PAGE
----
Milk fever (Hypocalcaemia)
Milk fever occurs when blood calcium (Ca) concentration becomes too low to support the functions of the nerve cells and the contractions of muscle tissue. Milk fever (Parturient paresis) is an acute, flaccid paralysis of mature dairy cows that occurs most commonly at or soon after parturition.
At or near the time of parturition, the onset of lactation results in the sudden loss of calcium into colostrum and milk. Serum calcium levels decline from a normal of 8.5–10 mg/dL to 2–7 mg/dL. Commonly, serum phosphorus is decreased, and cows are hyperglycaemic. The disease may be seen in cows of any age but is most common in high-producing dairy cows entering their third or greater lactation. Incidence is higher in the Jersey breed. Milk fever usually occurs within 72 hr of parturition. The disease can contribute to dystocia, uterine prolapse, retained foetal membranes, metritis, abomasal displacement, and mastitis.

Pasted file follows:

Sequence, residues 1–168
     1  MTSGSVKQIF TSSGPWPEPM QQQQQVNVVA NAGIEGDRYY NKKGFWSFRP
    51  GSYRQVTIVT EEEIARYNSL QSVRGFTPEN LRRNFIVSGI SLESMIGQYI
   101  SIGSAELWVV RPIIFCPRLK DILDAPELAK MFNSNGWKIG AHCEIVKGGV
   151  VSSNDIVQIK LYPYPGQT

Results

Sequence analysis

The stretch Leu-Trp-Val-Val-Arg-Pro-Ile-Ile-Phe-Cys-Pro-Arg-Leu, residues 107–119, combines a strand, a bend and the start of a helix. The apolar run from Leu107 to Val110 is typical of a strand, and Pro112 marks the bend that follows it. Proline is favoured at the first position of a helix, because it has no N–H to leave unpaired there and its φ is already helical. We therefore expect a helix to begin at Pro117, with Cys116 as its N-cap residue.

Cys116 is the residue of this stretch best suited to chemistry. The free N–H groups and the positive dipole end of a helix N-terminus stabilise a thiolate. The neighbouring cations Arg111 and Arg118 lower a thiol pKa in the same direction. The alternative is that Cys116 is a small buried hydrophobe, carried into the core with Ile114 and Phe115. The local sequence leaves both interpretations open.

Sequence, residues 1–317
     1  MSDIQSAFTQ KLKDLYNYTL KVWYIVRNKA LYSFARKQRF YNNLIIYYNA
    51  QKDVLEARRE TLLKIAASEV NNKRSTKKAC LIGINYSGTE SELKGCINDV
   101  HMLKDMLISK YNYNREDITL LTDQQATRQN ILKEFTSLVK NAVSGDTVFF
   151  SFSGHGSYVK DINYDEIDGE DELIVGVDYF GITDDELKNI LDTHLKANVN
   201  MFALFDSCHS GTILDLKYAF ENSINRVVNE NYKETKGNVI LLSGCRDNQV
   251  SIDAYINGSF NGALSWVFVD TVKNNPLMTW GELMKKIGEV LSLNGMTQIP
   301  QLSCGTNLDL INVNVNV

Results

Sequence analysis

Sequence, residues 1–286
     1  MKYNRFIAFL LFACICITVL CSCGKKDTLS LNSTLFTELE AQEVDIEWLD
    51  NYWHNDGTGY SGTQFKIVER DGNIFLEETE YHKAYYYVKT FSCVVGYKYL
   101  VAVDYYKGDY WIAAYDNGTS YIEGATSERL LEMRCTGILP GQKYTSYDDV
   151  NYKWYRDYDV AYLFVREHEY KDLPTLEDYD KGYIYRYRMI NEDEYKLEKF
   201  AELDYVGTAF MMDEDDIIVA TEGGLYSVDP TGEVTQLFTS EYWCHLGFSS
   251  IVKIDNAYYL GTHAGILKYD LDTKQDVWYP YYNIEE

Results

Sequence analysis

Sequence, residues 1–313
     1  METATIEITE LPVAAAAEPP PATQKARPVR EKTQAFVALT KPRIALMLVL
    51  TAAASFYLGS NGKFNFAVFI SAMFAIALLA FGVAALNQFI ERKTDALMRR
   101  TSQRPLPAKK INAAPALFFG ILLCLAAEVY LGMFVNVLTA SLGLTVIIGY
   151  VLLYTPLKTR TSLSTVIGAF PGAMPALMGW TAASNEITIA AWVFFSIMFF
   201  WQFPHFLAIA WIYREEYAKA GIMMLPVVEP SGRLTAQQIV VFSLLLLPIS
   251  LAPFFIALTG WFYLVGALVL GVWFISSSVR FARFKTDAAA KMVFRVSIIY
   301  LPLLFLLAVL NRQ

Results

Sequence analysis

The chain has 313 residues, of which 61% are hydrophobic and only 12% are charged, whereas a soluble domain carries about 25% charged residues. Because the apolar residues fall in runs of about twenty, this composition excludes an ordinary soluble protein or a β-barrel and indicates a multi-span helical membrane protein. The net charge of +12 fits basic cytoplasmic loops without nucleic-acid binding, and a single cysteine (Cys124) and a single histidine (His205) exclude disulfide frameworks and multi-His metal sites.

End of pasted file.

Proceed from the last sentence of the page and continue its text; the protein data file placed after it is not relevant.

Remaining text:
Treatment is directed toward restoring normal serum calcium levels as soon as possible to avoid muscle and nerve damage. This can be carried out several ways e.g. intravenously or orally.